"This summit is one I have been to before on a walk with Uncle Eric in 2008 very soon after I came to live with Dad", said Little Eric. "But you have bagged it Southey."

Fairfield dominates behind us, reaching which would complete the first half of our expedition.

Shaun said, "it is a mile to Fairfield. There is a steep descent of around 300 feet to Link Hause, from which there is 330 feet of climb. Then along the wide cairned path to the big plateau of the summit."

Approaching the summit Shaun said, "look Herdwicks. Our favourite sheep. Try to get some pictures Dad, especially of the lamb."

At the summit plateau we sat in the shelter.

"Time for lunch", called out Allen.

"Quite" agreed Southey. "Like you I'm hungry."

We enjoyed our sandwiches and cake and a cool drink, but for Dad it was too hot and he just gagged on the sandwich. "I'll eat the chocolate biscuits instead."

During this Grizzly told us. "the name derives from the Old English faeger 'fair, lovely'. Fairfield owes its name to its grassy top. Fleming in 1671 wrote of 'a very high Mountaine called Ridale-Head, on top whereof is a very fair and levell ground called ye Fair-Field'."

It was busy here, and seeing us a gentleman said, "are they yours or were they here when you arrived?"

"Mine", Dad replied. "The lads come with me on all the walks and have done so for many years." Then pointing to Little Eric, said, "I am in the process of attempting to tick of his remaining Wainwrights so like his other pals, he can complete the 214. Today will see him finish Book 1, and leave just 27 to summit."

Lunch over, we got settled, Tetley saying, "can we look at the views over to St Sunday Crag etc."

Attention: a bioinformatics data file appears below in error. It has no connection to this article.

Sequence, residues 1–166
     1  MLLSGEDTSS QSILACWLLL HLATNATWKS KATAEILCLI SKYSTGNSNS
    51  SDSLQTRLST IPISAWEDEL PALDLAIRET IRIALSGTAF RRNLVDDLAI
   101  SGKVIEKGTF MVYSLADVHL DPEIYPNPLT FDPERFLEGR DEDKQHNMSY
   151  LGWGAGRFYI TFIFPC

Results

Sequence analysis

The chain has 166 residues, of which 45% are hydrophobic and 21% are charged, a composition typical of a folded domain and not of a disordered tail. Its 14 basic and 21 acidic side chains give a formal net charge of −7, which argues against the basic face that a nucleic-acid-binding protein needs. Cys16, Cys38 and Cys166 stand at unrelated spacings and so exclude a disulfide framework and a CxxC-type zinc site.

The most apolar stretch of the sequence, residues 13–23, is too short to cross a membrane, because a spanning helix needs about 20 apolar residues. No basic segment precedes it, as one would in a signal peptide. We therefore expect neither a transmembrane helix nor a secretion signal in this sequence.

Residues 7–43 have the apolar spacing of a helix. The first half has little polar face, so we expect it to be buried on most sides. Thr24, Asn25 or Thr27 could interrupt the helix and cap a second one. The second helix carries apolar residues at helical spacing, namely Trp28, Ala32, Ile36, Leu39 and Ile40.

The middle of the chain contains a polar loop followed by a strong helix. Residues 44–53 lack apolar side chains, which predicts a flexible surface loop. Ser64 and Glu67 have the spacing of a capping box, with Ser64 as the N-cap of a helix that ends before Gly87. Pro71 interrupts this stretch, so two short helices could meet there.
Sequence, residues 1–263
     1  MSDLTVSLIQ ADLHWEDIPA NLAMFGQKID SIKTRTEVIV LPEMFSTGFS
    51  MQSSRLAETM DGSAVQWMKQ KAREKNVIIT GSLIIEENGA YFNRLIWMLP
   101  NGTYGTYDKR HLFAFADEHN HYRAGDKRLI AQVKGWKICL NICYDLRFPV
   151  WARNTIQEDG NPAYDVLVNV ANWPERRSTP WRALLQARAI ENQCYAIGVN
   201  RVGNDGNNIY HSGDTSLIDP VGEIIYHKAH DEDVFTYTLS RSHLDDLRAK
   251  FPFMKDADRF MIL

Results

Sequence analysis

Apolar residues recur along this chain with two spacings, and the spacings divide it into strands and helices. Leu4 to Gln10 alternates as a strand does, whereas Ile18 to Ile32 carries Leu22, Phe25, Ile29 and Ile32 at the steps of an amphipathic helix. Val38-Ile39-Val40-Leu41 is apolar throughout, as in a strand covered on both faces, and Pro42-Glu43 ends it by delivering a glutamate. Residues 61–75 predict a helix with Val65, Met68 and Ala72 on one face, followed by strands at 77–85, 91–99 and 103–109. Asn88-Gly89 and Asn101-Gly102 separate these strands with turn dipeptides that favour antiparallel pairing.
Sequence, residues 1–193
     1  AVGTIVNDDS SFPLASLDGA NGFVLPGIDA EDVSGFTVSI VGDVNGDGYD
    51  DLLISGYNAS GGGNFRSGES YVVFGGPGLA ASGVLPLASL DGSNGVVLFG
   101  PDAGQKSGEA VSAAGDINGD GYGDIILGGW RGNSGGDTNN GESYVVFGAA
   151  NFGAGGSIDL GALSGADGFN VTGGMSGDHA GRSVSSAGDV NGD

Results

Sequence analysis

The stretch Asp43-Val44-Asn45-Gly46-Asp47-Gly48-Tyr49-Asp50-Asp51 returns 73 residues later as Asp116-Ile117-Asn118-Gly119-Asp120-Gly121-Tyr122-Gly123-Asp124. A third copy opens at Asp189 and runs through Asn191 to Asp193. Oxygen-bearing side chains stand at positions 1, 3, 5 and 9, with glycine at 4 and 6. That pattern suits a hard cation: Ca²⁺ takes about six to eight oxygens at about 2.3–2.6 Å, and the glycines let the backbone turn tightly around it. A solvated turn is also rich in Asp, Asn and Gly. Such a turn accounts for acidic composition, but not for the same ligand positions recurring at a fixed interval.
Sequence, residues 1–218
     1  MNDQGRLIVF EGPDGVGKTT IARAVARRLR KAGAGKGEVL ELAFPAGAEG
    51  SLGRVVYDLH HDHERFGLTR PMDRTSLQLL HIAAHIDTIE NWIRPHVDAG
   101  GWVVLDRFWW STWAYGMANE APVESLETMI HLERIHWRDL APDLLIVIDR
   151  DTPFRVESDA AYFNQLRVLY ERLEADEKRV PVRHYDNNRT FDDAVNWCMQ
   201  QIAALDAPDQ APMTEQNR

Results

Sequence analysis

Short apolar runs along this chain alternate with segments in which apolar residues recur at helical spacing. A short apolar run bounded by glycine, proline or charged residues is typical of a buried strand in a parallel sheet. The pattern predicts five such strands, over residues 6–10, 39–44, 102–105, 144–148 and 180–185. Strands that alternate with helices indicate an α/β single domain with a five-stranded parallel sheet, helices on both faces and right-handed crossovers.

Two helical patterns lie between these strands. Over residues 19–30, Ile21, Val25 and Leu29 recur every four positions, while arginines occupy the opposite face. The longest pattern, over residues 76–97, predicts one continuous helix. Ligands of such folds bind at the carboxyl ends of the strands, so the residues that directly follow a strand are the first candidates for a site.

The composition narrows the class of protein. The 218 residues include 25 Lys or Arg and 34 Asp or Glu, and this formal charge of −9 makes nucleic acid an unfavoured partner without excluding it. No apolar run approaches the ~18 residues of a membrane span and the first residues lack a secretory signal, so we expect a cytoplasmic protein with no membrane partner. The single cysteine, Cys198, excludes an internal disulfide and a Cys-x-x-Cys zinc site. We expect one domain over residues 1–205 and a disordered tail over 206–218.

"Wow", said Southey. "I've not climbed that."

"No lad", replied Allen. "The last time we were on St Sunday Crag was in 2011 before you joined the club. On the day we were ticking off Gavel Pike, and Cofa Pike here to the left. We had descended off St Sunday Crag to Deepdale Hause then made the steep climb to Cofa Pike. before returning down and then along Grisedale that can be seen behind."

"That was a pretty tough day", sighed Dad.

"But, as always you were up to the challenge Dad", said Tetley proudly.

"That is the beautiful Deepdale valley to the right", pointed Shaun. "Gavel Pike is the top of the steep ridge rising on the left."

So, now the return leg beckoned, and viewed from the shelter, the clear path stretched away towards Great Rigg with the next summit after that, Rydal Fell, beyond.

Shaun said, "it is one mile to Great Rigg. There is a descent of about 500 ft, followed by 140 feet of climb to the summit. One of the easiest miles in Lakeland according to Wainwright, the springy turf inducing giant strides."

"That was back in the 1950s when the book was first published", replied Tetley. "Now all eroded away to a wide scar of rock and soil by the feet of thousands and thousands of walkers."

The horseshoe encloses the lonely Rydal valley through which flows Rydal Beck.

Looking at the map Shaun said, "whilst some paths are shown in the lower reaches of the valley there are no recognised walking routes and certainly no path that leads up the Fairfield."

A few minutes later as Dad strode along, Little Eric called out, "look that's Seat Sandal on the right that we climbed last week."